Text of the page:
Kara Beck was bullied for years, affecting her confidence and her weight. Her transformation story follows her as she drops over 200 pounds.

Starting in childhood, Kara Beck understood she was “different” from her peers.

“It was obvious I was bigger and it made me look older,” Beck told TODAY.

She was 8 years old when doctors diagnosed her with pre-diabetes, and 12 when she started getting bullied by schoolmates because of her weight. 

Still today, Beck remembers hearing the whispers behind her back 

Boys called her “fat” underneath their breath as they walked past her, and even one of her friends called her a “red cow” when she wasn’t around.

“I was very careful. I was always so sensitive and tried to stay out of situations that would provoke bullying,” said Beck. “There were more things said behind my back… than to my face.”

As she grew older, she developed unhealthy eating habits as a way to cope with the emotional scars left behind from all the bullying.

“The bullying was just damaging my psyche, at this point, and creating this really unhealthy self-image and relationship to my body,” she said. “That turned into my bad relationship with food.”

In high school, Beck lost 70 pounds, but started self-harming. Worried for their daughter, her parents helped her get treatment for anxiety and depression, and that included antidepressants. 

Soon after, she regained the weight she’d lost.

“Bingeing habits really started when I got into my later teenage years,” Beck said. “Those bullying instances were fuel for that.”

She and her husband Nathan got married when she was 19 and they planned to have children, but only after she’d lost weight.

Things didn’t go according to plan — just as Beck started to lose some weight in 2016, she found out she was pregnant. 

At the time, she weighed nearly 330 pounds 

In March 2017, when she gave birth to her son Samuel, Beck peaked at 368 pounds.

“Before my pregnancy, mentally, I had gotten very good at avoiding my weight,” she said. 

“When I was pregnant I was visiting the doctor every month and then every week and I had to see it and address what was happening.”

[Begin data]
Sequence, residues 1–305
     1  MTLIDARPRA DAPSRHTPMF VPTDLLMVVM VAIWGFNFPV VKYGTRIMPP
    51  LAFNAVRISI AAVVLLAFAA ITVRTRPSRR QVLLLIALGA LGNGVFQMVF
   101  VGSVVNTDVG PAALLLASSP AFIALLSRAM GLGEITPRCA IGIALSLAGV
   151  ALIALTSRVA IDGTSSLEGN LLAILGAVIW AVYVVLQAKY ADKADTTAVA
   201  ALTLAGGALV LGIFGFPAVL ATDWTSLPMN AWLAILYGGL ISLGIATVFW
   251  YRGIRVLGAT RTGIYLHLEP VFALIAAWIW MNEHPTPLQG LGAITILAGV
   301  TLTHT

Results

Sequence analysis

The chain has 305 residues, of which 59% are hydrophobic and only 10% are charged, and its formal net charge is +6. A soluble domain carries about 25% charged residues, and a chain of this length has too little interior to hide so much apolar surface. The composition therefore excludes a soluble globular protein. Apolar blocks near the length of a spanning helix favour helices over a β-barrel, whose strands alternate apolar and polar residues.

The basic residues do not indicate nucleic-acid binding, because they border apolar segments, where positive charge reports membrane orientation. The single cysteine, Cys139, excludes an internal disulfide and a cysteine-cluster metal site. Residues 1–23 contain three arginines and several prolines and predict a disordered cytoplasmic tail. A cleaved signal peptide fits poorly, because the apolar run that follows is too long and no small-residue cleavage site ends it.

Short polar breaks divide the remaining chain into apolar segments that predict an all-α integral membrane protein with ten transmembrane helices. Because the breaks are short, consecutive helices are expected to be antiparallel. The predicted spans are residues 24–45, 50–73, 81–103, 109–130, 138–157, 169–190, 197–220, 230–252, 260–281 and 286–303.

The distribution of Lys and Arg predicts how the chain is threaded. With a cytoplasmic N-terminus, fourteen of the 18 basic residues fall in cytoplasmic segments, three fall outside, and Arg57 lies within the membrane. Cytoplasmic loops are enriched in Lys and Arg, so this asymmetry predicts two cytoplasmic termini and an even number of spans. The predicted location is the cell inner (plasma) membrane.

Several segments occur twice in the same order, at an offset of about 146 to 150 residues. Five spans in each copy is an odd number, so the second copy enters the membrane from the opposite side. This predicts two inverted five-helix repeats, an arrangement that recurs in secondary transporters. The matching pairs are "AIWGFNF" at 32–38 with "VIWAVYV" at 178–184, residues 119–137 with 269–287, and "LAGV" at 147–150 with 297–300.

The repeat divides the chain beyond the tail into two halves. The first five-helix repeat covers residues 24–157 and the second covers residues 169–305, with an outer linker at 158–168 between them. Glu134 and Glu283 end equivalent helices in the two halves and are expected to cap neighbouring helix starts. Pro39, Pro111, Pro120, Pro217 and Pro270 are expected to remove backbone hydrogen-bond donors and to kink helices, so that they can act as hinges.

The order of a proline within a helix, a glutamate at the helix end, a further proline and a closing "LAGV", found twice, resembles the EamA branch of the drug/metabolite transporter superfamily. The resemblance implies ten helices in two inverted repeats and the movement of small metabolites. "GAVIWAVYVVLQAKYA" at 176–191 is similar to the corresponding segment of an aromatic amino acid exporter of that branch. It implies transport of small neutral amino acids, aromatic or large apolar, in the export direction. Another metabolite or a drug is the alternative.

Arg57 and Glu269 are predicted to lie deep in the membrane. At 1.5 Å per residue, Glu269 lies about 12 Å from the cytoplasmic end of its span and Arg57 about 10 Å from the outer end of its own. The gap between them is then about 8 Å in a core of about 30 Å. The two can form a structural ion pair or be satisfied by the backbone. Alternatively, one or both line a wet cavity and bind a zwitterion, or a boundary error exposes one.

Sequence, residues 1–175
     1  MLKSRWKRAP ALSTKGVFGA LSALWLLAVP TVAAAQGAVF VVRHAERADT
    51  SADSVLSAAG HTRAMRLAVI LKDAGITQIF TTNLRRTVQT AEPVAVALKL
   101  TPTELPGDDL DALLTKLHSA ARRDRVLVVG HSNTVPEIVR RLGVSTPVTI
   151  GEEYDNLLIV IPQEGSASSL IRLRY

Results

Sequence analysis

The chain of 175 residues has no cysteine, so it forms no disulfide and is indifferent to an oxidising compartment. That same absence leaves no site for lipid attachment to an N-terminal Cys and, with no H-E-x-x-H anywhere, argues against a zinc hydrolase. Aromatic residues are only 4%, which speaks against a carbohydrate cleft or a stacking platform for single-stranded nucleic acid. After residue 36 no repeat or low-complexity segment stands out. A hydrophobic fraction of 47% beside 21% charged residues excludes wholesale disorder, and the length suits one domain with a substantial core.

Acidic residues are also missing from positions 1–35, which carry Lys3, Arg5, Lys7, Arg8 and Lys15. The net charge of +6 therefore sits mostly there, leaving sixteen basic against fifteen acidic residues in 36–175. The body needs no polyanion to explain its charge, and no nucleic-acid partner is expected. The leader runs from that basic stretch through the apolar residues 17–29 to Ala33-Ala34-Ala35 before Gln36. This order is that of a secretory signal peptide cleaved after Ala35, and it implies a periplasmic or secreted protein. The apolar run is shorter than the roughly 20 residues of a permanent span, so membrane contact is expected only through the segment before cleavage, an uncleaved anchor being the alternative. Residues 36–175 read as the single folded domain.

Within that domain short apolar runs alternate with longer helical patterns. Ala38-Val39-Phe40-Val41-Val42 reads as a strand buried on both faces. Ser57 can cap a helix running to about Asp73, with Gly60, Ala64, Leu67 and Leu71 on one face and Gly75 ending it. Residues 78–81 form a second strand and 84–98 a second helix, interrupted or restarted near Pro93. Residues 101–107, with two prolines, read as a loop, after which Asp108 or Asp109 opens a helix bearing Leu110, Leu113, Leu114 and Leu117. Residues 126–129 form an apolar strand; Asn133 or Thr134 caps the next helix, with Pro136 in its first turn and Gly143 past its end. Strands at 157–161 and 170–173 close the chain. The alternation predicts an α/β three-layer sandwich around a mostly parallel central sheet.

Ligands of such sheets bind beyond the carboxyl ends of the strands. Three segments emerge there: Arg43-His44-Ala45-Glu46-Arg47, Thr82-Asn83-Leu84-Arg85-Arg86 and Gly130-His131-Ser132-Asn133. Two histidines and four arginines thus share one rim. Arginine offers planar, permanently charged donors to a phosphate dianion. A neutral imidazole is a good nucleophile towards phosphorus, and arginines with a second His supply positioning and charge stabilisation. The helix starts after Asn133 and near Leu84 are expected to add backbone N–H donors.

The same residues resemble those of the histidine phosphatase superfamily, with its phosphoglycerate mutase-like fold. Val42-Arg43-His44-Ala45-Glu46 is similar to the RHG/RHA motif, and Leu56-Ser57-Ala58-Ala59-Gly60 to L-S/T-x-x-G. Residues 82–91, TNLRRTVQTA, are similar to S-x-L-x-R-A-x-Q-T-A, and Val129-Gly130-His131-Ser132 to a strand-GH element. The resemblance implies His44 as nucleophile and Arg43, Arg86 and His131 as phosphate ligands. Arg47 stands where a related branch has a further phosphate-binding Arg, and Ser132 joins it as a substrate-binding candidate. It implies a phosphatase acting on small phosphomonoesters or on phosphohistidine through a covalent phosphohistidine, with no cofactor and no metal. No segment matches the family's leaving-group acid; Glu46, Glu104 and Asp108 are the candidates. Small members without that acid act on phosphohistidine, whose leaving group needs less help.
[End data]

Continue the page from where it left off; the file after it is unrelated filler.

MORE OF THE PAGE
That was when I thought ‘Oh my gosh I need help.’

After a doctor told her about gastric bypass surgery, she started following people on Instagram who’d gotten the procedure and eventually found the inspiration to take the leap herself. 

She finally got the surgery in January 2018.

“Your body has changed and you have to adjust to that,” she said.

She’s had to learn about proper nutrition and build a new relationship with food. Her body no longer enjoys the same amounts of sugary and fatty foods it had gotten used to.

Her key to success

For Beck, more than anything, increasing her self-awareness has been key to her success.

“You have to analyze your thought patterns and feelings,” she explained.

Am I actually hungry?

“You have to be able to ask yourself why you are doing the things you are doing in the first place.”

Since getting the surgery, the 25-year-old admits that losing weight and staying healthy takes work and that it hasn’t always been easy.

But by making small, incremental changes to her eating and exercise habits, Beck has gone from 368 pounds down to 160.

When she first started exercising, she could only do 15 minutes at a time before she felt exhausted. Now, she goes to the gym for an hour, six days a week.

Kara’s lesson to us all

For Beck, being healthy means more than just physical wellbeing, it means dealing with her anxiety and depression too.

“I am working on the mental aspect and that will help me keep going further,” she said.

If you don’t deal with the mentality and the habits that got you there you won’t see results.

After having lost 200 pounds, she decided to have excess skin removal surgery on her stomach.

“The skin was a double-edged sword,” Beck said. “I saw it as a badge of honor but it also reminds me of who I used to be, which holds me back.”

Today, she feels more confident than ever and is proud of what’s been able to accomplish. She was able to turn things around by facing her underlying pain head-on and dealing with it. If you can get through that, you can get through anything.

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